Key benefits of green tea
- Research indicates that green tea may benefit people who have arthritis by reducing inflammation and slowing cartilage breakdown.
- The high antioxidant (polyphenol) content of green tea has lead researchers to believe that the tea could possibly reduce cancer. Japanese research shows, for example, that drinking green tea may lower your risk of developing certain blood cancers. Other research shows that green tea may help prevent oral cancer. But overall, the relationship of green tea consumption and cancer remains inconclusive.
- Research seems to indicate that regular intake of green tea may cut one's risk for atherosclerosis, and thus also the risk of heart attack.
- There's strong evidence to suggest that green tea helps to prevent cold and flu symptoms.
- One study showed that a fertility blend that contained green tea helped women to conceive.
- Research indicates that green tea could possibly have a positive effect on cholesterol levels.
- One study conducted in healthy postmenopausal women showed that a menopausal formula containing green tea was effective in relieving menopausal symptoms, but more research is needed to confirm these results.
- Several small studies have looked at the use of green-tea extract capsules for weight loss and weight maintenance. Study results are mixed (although some were quite positive), and better research is needed before a strong recommendation can be made.
- A chemical found in green tea may also shrink lymph nodes and reduce white blood cell counts in patients with chronic lymphocytic leukemia (CLL).
- Recent studies in humans and cell cultures suggest that green tea may also benefit bone health.
Downsides of green tea
Tea has half the amount of caffeine than coffee and far less than caffeinated cooldrinks. Nevertheless, too much green tea can still hold risks. Take note that caffeine can cause:
- Worsening incontinence, due to caffeine's diuretic effect
- Worsening of stomach-ulcer symptoms
- Increased heart rate and blood pressure
- Increased blood-sugar levels
Note, however, that out of the three main types of tea, green tea contains the least caffeine. Extensive research shows that up to 300mg of caffeine (about eight cups of tea) per day isn't a health risk.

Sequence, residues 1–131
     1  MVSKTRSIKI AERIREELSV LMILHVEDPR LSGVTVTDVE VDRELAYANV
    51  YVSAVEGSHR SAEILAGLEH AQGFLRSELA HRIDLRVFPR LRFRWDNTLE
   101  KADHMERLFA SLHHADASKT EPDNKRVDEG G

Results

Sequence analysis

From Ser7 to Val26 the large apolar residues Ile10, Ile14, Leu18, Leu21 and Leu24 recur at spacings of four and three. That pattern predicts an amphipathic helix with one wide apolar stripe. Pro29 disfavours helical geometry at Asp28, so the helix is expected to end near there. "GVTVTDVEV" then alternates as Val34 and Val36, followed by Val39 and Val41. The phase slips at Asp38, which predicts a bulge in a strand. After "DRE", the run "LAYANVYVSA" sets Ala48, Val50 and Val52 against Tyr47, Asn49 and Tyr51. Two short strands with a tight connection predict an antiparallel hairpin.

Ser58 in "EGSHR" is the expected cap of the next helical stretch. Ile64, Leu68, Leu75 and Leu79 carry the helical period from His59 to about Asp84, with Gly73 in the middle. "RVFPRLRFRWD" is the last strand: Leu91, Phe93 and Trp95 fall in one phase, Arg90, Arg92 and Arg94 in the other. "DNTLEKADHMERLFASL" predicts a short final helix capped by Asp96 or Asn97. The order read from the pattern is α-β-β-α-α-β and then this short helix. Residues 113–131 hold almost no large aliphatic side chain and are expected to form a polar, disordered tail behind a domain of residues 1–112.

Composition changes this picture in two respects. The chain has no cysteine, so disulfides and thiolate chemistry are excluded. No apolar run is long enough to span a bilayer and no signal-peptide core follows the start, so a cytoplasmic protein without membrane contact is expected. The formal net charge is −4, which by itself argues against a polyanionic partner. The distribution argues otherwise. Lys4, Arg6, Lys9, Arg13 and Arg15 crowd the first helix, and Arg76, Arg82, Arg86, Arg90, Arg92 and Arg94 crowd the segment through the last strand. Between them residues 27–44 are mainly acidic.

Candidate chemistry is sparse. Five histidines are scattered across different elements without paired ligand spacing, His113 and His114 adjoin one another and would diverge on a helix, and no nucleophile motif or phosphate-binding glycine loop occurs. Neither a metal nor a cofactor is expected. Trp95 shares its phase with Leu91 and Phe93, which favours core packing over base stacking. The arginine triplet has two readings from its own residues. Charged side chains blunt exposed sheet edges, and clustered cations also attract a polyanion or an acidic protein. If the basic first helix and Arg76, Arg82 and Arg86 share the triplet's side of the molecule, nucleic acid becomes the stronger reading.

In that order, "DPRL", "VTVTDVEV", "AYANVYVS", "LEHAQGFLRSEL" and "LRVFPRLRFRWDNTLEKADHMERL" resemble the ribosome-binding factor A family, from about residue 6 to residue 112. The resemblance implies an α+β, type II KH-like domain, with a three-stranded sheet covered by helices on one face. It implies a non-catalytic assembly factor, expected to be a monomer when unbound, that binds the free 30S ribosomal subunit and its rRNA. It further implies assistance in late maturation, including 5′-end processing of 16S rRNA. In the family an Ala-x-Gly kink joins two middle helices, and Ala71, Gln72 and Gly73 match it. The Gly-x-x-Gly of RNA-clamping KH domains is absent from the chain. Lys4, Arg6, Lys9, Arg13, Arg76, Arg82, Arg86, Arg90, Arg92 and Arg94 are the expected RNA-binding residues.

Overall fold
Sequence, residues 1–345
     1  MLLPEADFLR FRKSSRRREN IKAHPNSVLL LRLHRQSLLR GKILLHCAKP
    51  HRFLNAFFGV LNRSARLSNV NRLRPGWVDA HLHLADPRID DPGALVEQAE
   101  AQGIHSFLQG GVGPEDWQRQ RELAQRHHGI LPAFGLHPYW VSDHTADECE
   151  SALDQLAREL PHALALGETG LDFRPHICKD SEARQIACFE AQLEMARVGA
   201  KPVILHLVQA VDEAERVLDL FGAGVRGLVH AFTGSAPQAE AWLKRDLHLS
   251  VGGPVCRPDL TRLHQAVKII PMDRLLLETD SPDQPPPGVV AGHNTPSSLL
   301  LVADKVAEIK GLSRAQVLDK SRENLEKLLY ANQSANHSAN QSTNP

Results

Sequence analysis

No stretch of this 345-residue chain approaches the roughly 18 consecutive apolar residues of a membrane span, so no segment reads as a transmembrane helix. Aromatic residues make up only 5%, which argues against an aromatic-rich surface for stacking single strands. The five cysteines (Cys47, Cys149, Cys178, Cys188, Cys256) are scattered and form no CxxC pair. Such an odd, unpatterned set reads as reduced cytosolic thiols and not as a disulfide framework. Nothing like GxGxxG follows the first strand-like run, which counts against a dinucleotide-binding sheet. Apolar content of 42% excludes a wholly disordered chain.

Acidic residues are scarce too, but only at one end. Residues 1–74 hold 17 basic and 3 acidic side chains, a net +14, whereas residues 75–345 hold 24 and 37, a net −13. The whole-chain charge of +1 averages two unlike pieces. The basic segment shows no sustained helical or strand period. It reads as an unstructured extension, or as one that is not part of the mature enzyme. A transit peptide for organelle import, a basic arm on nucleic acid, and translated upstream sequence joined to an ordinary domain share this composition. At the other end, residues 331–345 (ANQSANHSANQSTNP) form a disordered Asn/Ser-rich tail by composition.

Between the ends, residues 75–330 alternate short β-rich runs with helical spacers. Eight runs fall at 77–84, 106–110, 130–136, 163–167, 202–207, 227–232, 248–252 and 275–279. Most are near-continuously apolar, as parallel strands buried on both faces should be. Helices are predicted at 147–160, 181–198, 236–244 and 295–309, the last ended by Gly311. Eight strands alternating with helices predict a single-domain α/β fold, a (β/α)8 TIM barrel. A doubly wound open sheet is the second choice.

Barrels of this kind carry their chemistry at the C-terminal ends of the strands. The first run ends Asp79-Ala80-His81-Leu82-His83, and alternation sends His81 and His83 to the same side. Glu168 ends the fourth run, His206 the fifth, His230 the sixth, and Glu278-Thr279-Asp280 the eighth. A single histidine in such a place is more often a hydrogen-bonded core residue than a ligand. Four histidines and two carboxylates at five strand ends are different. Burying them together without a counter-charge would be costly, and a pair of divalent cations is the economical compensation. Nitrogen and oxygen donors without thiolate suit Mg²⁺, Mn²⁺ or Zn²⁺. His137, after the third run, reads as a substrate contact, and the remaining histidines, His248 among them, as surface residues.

Anaemics should avoid excessive tea drinking during meals because the tannins in the tea could reduce your ability to absorb iron.
Drinking a lot of tea can discolour your teeth. But if you visit an oral hygienist every three months, this shouldn't be a problem.
How much green tea do you need?
The benefits of specific doses of green tea haven't been established.
Most studies have examined green tea in the form of a brewed beverage, rather than in capsule form. According to the US National Institutes of Health, one cup of tea contains approximately 50mg of caffeine and 80mg to 100mg of polyphenol content, depending on the strength of the tea and the size of the cup. Studies have examined the effects of habitually drinking anywhere from one to ten cups of tea per day.
In capsule form, there is considerable variation in the amount of green-tea extract, and there may be anywhere from 100mg to 750mg per capsule. Currently, there's no established recommended dose for green-tea-extract capsules.
Green tea is made from the dried leaves of Camellia sinensis, a perennial evergreen shrub.
A product of the Far East, green tea is seen by many to be the healthiest tea on the market. This is because the antioxidant, epigalloctechin-3 gallate (or EGCG) that is lost during the fermentation process of black and oolong teas, is preserved in green tea. EGCG has been shown to kill cultured cancer cells.
The incidence of prostate cancer in China, where green tea is consumed regularly, is the lowest in the world.
Despite all its benefits, only four percent of all tea that is consumed worldwide is green tea.